Hong Kong and Singapore-focused private equity real estate firm Pamfleet Group has raised the first round of equity of its second value-add property fund, PERE has learned.
According to sources familiar with the firm, Pamfleet has brought aboard $155 million from five limited partners for its Pamfleet Real Estate Fund (PREF) II, which it launched at the end of last year. Three of the investors are understood to be existing LPs of the firm while two of them are new.
Pamfleet is aiming to raise $350 million in total, with a hard cap set at $400 million. A second closing is anticipated to happen in August and a final closing is slated for the end of the year. The firm is being assisted in its capital raising by CrossCon Real Assets Capital, the California-based placement advisory business.
Pamfleet’s backing from institutions has come following a strong performance from its first PREF fund, which closed in February 2012 on $209 million. Following a value-added strategy that places buying secondary assets and repositioning them at its heart, Pamfleet made six investments in Hong Kong and one investment in Singapore and for PREF and can currently point to an IRR of 23 percent, a return more expected from higher-risk, opportunistic funds.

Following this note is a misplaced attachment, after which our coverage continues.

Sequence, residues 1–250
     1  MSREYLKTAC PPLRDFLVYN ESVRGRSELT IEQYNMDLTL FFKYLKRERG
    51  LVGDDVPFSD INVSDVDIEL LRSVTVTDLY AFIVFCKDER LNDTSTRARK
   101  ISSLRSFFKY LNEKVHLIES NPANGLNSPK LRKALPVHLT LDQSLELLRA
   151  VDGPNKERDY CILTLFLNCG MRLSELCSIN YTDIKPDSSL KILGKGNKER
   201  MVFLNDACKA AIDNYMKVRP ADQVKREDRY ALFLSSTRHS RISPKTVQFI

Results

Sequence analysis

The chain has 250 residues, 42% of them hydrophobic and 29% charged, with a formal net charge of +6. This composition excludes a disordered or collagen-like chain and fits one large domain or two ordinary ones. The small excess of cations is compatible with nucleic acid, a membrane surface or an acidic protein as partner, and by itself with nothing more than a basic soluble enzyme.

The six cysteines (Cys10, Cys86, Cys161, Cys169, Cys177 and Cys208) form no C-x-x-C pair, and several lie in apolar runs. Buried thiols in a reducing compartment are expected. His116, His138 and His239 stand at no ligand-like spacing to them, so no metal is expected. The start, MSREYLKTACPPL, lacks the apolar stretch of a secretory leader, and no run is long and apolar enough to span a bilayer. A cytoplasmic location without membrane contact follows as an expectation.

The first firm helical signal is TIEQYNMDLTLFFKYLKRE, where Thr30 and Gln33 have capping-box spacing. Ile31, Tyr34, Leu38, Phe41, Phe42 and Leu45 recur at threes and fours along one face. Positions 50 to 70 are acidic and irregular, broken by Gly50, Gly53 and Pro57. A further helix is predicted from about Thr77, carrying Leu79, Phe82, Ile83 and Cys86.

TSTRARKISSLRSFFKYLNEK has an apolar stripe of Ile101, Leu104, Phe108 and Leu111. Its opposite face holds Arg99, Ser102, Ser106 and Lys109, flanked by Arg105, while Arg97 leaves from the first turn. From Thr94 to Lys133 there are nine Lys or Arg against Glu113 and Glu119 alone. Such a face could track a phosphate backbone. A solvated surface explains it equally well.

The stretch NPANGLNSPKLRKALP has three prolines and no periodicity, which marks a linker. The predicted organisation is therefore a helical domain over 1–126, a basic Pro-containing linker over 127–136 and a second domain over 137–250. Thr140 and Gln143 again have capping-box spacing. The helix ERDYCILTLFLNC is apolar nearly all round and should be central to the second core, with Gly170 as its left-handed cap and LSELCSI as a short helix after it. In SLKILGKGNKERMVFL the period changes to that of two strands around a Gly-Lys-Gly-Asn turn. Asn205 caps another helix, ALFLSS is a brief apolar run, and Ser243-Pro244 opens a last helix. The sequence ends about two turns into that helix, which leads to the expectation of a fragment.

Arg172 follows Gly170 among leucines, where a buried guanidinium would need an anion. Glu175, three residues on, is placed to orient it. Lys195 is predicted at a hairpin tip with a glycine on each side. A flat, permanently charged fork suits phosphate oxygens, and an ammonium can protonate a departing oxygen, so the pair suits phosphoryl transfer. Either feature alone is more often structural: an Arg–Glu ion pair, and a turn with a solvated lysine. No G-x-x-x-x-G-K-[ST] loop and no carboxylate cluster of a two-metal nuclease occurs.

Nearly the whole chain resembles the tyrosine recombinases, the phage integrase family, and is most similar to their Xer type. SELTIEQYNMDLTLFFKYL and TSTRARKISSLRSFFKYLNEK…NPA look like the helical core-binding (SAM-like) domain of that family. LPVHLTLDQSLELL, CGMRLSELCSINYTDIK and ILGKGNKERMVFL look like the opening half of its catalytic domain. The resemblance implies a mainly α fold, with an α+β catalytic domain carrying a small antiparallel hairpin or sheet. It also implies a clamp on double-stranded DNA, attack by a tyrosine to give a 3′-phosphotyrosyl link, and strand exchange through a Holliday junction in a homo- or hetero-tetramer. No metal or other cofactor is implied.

As a result, Pamfleet has been able to keep its terms for this next fund consistent, charging investors 0.9 percent on committed equity and 1.9 percent on invested equity. Carried interest can be earned by the GP after a 10 percent return hurdle has been reached. Coinvestment capital is expected to be accepted in addition by Pamfleet for selected deals and on a pro rata to committed capital basis.
The firm came to the fundraising arena relatively late in its evolution having spend the best part of a decade transacting on a deal by deal basis. It was formed in 2000 as a management buy-out of Hong Kong investment bank Jardine Fleming’s direct property fund management business and found early business as the operating and investment partner for other property funds. Indeed, it is understood to have racked up $1 billion of investments in its target markets of Hong Kong and Singapore before determining to go it alone and raise its own fund.